Remembering U of T's Natalie Zemon Davis, a renowned social historian

"I have tried my best to be not only a truth-teller about the past, but also to be a historian of hope"

(photo by Laura Pedersen)

The University of Toronto is joining others around the world in remembering Natalie Zemon Davis, a renowned social historian who brought to life the lesser-known lives of workers, women and peasants.

The New York Times described Zemon Davis – a professor emerita of history in U of T’s Faculty of Arts & Science who died Oct. 21 at age 94 – as a researcher who drew insights from anthropology and literary criticism, as well as meticulous archival digging.

“Professor Davis both represented and inspired an emerging approach to history in the second half of the 20th century, often by filling in gaps in the historical record with informed speculations based on deep immersion in the period under study,” the Times said.

Zemon Davis chose not to focus on the history of royalty or aristocrats but rather on populations previously ignored by historians – workers, peasants, women and outsiders. Her work originally focused on France, but later broadened to include other parts of Europe, North America and the Caribbean.

She told U of T News in 2017 that she believed traits such as daring, a sense of wonder and passion were essential for a researcher to do their job well.

“That’s really something quite important: the unexpected, the surprise that satisfies or nourishes one’s curiosity,” she said.

One of the first female humanities professors at U of T, Zemon Davis was a mentor to a generation of historians. Her teaching career took her to Brown University, the University of California, Berkeley and Princeton University. Zemon Davis was also president of the American Historical Association in 1987 – the second woman to hold the position.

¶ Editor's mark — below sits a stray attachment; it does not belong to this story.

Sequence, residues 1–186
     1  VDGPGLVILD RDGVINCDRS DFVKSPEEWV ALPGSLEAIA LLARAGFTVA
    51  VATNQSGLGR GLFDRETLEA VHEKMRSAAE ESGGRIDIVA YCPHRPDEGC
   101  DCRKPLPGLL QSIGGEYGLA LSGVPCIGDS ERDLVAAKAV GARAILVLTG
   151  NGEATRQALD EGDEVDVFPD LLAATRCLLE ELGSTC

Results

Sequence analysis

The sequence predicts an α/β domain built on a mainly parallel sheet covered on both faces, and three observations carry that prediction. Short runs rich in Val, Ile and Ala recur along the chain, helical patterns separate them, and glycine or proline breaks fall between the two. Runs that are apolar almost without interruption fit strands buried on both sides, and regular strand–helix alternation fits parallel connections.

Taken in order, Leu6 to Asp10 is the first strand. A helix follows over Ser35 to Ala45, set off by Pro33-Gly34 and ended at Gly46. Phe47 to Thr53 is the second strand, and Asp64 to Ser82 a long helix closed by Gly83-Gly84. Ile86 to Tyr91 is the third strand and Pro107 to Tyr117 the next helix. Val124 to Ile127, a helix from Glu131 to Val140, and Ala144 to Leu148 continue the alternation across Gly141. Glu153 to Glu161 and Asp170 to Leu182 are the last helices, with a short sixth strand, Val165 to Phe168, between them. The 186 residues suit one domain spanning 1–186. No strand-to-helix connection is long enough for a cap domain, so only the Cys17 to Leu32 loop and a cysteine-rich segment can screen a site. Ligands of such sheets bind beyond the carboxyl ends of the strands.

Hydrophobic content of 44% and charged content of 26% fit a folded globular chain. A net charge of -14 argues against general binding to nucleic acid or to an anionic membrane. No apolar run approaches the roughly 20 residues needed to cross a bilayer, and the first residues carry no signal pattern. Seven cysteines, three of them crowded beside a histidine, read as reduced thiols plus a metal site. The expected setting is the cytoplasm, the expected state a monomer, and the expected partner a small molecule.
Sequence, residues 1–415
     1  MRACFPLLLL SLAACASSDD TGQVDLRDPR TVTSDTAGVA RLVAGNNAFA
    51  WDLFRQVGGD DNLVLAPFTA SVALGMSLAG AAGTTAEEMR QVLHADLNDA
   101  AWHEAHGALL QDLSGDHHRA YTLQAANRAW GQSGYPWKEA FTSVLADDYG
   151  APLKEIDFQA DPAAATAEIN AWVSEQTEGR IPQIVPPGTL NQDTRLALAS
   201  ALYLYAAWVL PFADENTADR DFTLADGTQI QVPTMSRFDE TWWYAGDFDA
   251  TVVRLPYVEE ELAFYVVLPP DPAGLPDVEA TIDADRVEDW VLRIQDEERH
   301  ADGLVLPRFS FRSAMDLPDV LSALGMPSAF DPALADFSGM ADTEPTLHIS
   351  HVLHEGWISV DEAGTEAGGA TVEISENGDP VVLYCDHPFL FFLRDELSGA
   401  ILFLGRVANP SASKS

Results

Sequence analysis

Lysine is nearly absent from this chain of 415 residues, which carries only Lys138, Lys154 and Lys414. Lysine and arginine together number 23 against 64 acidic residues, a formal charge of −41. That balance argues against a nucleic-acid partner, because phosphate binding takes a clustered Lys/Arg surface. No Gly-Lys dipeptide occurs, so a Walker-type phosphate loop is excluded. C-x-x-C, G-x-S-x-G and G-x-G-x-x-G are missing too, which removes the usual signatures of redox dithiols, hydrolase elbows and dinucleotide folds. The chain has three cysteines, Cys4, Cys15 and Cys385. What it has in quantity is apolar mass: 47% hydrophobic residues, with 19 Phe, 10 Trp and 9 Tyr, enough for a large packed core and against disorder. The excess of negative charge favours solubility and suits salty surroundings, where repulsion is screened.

She was a prolific writer, with more than a dozen books and essay collections. Her best-known book, The Return of Martin Guerre (1983), is the story of a 16th-century French peasant who abandoned his wife and lands – and later returns to discover an imposter has taken his place. The book generated worldwide attention and was translated into more than 20 languages. (A year earlier, she consulted on the French film of the same title.)

Her book of essays, Society and Culture in Early Modern France (1975), is regarded as a landmark in historical anthropology and the history of women and gender. It combined her intensive archival research with the study of cultural rituals, violent chapters of religious wars and social work of women’s religious groups.

At U of T, Zemon Davis was a supporter of fundamental research, joining a group of experts in 2017 who called on the federal government to implement the recommendations of Canada's Fundamental Science Review.

(photo by Ralph Alswang/National Endowment for the Humanities)

For her contributions to academic scholarship, Zemon Davis received several honorary degrees from universities around the world, including U of T, Harvard University, Yale University, the University of Edinburgh, Hebrew University of Jerusalem and others.

Among her many accolades and prizes, she was awarded the prestigious Holberg Prize established by the Norwegian parliament in 2010 and was named Companion of the Order of Canada in 2012.

In 2013, she received the National Humanities Medal from U.S. President Barack Obama.

“The president spoke of the humanities and hope, and his words rang in my ears as he put the medal around my neck,” said Zemon Davis in an interview with the Faculty of Arts & Science that year, “for I have tried my best to be not only a truth-teller about the past, but also to be a historian of hope."

Read more about Natalie Zemon Davis in the New York Times

Read more about Natalie Zemon Davis at U of T News

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